August, 216 B.C: near the small township of Cannae, a mere two hundred fifty miles from Rome, Hannibal of Carthage and his army prepared for battle. They were faced off against the legions of Aemilius Paullus and Caius Terrentius Varro, the Consuls of Rome. Under normal circumstances, one consul and a couple of legions was enough to stir optimism in a Roman victory. “On the occasion in question, however, they were so alarmed and terrified that they decided to send not just four, but eight Roman legions into battle at once” (Polybius 213) as well as both of their consuls. These were also extended legions, each consisting of 5000 infantry and 300 cavalry instead of 4000 and 200 respectively (Lancel 104). Legionary command alternated every other day for Paullus and Varro, who disagreed on nearly everything. On August 2, 216 B.C., it was Varro’s turn to command the army. Just after sunrise, he led his troops out onto the battlefield, forming a continuous line facing south. Aemilius commanded the right wing of 2,400 Roman cavalry posted near the river Aufidus. Center force of 55,000 heavy infantry  and forward center position of 15,000 light infantry(McKnight 7) was commanded by the previous year’s consuls, Atilius and Servilius (Polybius219). Varro headed the Allied cavalry of 3,600 on the left wing. In total, the Roman army was a force of approximately 86,000 men.

Hannibal’s army of 50,000 was much smaller than that of the Romans. However, he also had cavalry superiority, which was perfect for the flat and treeless battlefield they would be fighting on. Hasdrubal was in charge of the Spanish and Gallic cavalry of 6,500 on the left wing near the river. Hannibal and his brother, Mago, commanded the center of 10,000 Libyans, 6000 Spaniards, and 1,250 Gauls/Celts as well as the 11,500 light infantry that took up the forward position. Right wing made of  3,500 Numidian cavalry was commanded by Hanno (McKnight). The fighting had begun: it was Hasdrubal’s Spanish/Gallic cavalry versus Paullus’ Roman cavalry near the river, the main bodies of infantry in the center, and Hanno’s Numidian cavalry versus Varro’s Roman Allied cavalry on the opposite side.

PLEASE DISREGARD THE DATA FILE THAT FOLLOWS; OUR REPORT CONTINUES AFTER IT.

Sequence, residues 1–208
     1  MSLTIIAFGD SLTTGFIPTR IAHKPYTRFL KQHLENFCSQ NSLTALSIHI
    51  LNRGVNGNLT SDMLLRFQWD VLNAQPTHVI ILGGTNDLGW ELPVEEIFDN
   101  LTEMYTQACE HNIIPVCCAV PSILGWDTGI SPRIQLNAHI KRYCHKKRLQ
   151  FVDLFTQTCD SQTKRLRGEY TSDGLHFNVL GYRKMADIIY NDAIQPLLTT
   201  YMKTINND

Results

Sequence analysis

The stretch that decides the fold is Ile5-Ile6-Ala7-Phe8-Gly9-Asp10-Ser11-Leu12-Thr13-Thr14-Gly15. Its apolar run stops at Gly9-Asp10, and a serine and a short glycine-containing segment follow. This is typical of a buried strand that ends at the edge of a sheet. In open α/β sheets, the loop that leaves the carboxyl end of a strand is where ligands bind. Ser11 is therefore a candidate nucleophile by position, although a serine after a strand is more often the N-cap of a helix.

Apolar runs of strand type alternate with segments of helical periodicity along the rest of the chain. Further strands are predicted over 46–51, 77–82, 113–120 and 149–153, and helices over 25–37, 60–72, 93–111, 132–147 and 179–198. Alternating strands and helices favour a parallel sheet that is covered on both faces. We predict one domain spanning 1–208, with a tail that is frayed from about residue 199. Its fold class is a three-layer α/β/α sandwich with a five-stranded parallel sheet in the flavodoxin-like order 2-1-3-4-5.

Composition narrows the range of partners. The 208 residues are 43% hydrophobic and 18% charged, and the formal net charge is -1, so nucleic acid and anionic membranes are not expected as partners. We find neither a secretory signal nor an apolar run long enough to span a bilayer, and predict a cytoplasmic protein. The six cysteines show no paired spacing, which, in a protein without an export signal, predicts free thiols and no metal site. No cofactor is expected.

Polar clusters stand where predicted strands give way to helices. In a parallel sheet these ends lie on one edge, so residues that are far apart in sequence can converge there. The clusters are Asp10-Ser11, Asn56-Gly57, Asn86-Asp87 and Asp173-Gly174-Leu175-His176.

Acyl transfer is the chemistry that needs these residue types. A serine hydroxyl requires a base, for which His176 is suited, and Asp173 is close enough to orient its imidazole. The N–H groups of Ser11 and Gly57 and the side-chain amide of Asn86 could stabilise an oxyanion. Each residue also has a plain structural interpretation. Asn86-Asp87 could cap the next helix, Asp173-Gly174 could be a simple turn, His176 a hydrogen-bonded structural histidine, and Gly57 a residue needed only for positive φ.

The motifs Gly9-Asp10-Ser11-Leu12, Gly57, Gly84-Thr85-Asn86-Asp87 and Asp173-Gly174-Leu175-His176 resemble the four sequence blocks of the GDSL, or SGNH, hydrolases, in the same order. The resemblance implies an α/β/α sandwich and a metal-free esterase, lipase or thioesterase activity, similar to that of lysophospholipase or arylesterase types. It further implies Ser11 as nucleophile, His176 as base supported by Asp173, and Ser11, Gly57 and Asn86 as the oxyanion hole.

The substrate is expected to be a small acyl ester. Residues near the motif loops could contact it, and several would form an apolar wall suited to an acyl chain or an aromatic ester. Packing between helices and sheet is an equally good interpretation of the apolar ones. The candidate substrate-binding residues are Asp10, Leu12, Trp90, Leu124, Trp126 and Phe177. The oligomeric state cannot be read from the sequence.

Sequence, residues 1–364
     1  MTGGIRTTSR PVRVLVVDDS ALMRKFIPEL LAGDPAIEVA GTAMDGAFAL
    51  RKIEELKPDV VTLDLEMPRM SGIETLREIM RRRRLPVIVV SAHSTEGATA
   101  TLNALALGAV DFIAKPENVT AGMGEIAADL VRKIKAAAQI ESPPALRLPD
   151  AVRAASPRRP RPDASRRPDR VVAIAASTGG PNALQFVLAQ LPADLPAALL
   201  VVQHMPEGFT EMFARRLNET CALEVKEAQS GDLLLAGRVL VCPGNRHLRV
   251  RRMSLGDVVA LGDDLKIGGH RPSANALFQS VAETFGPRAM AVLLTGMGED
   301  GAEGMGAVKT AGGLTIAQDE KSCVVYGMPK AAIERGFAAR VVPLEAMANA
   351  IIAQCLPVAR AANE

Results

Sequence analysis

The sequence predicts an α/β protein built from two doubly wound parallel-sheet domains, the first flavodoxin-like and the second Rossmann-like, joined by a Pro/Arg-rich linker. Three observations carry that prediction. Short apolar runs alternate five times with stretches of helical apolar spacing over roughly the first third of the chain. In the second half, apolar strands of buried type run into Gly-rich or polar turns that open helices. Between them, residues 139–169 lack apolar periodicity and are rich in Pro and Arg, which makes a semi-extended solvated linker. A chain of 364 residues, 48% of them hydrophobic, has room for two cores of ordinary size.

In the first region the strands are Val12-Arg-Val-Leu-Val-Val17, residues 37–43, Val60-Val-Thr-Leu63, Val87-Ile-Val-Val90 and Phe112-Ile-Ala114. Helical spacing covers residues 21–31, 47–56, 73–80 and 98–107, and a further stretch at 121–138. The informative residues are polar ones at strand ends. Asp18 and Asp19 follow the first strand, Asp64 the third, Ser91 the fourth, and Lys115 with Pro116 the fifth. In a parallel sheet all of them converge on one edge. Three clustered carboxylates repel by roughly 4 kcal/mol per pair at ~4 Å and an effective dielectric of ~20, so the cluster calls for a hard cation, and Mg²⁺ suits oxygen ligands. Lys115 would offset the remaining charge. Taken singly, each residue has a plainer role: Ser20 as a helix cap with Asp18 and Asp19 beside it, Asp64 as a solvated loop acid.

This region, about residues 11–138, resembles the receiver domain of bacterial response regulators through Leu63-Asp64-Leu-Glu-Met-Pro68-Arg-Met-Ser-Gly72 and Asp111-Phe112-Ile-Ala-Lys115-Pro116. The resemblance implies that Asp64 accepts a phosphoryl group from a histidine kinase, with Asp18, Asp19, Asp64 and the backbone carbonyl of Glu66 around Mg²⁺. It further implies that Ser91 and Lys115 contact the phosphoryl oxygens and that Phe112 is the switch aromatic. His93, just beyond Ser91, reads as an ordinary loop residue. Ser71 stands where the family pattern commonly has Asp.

Varro’s plan was to smash through the Carthaginian center using sheer weight of numbers. To further this ideal, he reduced the gaps between the maniples in each line and made each maniple very deep (Goldsworthy 97) increasing its power but sacrificing its order and flexibility. Hannibal took his straight line of infantry and moved the center forward, making a crescent shaped line that protruded out toward the enemy (Polybius 218).

Outcome and movements of the Roman and Carthaginian armies

 Near the river Afidus, Hasdrubal’s cavalry engaged Paullus’ Roman cavalry. Varro hoped that the cramped space between the river and the flank of the river army would cancel out any advantage Hasdrubal may have had in making a mobile attack. However, the Gauls and Spaniards were used to fighting in close quarters (McKnight 11). Their ferocity decimated the Roman cavalry, whose survivors were chased along the riverbank and slaughtered. Paullus escaped and rejoined the main conflict in the center.

 The Roman line of infantry had become much thicker in the center, since Hannibal’s formation provoked the Romans to attack there first.  The thin crescent line of Gauls and Spaniards began to fall back under the pressure of the densely packed maniples. As they gave way and swiftly retreated, the Romans chased after them. Exploiting their supposed success, maniples from behind as well as large numbers from the sides were drawn into the struggle. The Roman infantry was now more like a frenzied crowd than an organized body of soldiers. (Goldsworthy147)

 Meanwhile, the Numidian Cavalry on Hannibal’s right wing attacked the Roman Allied Cavalry facing them. The Numidians harassed them from all sides, taking turns at throwing javelins and then running away. They did not inflict or sustain any major damage but at the same time distracted the Roman allies from aiding the infantry in the main conflict.

 Hasdrubal’s cavalry had regrouped and came over to assist the Numidians. The outnumbered Roman Allies panicked and fled. The remaining Allied horsemen were picked off by the pursuing Numidians, whose peculiar tactics became more dangerous once they had the enemy on the run (Polybius 220).